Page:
So, what are waistbeads, exactly? Where did they come from? What qualifies a waistbead strand as African?
These are all great questions. To begin, waistbeads are an ancient and traditional type of adornment from Africa. They are 100% African, please don’t allow anyone to tell you otherwise. They are strands of beads made from various materials such as glass, coral, and gold that are worn on the waist of women.
Now why African woman have traditionally wore them varies from country to country, culture to culture. As with much of African culture, it is oral and passed down. My research into scholarly papers and books has yielded some anthropological results, but mostly anecdotal. Here’s what I’ve found:
Women have and still do wear them as a form of body adornment. They are considered feminine, sexy and like a magnet to a woman’s partner. The tinkling sound they make when a woman walks is like a siren song. I read these accounts mostly in articles or books written about Ghana culture.
In Dakar (Senegal), the women used to (and still may) perform a slow, sensual walk in social settings and ceremonies. The women would be well moisturized, fragranced down and that tinkling sound. The walk was called a dirriankhe.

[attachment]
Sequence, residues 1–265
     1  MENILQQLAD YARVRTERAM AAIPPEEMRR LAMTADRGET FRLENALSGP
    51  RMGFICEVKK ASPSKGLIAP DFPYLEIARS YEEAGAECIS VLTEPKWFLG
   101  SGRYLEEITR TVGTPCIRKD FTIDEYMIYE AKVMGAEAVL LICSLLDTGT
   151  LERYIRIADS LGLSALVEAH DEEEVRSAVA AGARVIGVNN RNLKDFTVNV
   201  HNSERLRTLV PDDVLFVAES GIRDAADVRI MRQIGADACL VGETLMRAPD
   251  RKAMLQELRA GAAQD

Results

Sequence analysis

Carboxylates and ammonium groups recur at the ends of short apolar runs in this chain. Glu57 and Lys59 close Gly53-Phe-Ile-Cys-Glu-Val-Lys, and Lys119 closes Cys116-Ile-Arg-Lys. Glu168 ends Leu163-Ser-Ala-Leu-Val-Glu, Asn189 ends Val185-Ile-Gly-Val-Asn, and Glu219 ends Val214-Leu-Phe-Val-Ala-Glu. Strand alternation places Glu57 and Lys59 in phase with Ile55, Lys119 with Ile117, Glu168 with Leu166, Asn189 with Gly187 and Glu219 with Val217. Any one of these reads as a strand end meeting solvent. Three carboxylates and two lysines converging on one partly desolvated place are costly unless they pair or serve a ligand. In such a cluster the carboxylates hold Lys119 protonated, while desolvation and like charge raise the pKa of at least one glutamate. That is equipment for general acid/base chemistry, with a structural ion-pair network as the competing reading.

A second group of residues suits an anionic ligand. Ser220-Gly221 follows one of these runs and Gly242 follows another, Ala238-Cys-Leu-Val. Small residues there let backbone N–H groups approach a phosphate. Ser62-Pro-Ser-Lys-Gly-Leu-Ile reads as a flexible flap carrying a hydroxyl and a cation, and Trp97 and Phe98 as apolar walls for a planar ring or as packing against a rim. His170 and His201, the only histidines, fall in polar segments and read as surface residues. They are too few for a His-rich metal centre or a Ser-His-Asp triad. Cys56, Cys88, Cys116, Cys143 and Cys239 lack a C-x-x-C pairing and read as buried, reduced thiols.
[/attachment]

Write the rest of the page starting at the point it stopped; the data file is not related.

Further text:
Waistbeads also can act as a private piece of adornment between a woman and her partner, traditionally only one’s husband (i said traditionally) being allowed to see them or touch them. Some have been adorned with bells to signal potential partners that she is ready to socialize. They’ve even been used as dowries.
Waistbeads have also been used to represent youth, holding up red cloth that covers the lower half of the young woman’s body. Called otofo, these huge bundles of waistbeads are worn during puberty rites by the Ga people in Ghana.
Heavily ornate strands have been used is traditional costume and ritual, also being worn by small babies in naming ceremonies in Nigeria.
Overall, they can be seen as a manual waist trainer. When worn, the beads move up when a person gains weight and loosens as she loses. In this way many women track their weight journey and stay mindful.
Now while women in the diaspora wear them for some of the same reasons, they have also adjusted to include many forms of spirituality like chakra healing, crystal healing and more. This is also okay.
At BIRTHRIGHT, I take the tools that were given to me by default of my heritage and create them to serve as mindfulness and healing tools. Each strand is crafted with a specific intention in mind, whether it is to balance the chakras, provide amplification of certain energies, or bring certain things to fruition. I use herbs, preparations, oils and more from the earth, as well as certain bead materials to help further the goals of the strand. The number of beads in the pattern? Intentional. The color variation? Intentional. The metallic gleam to some strands? Intentional. It’s a process, sus.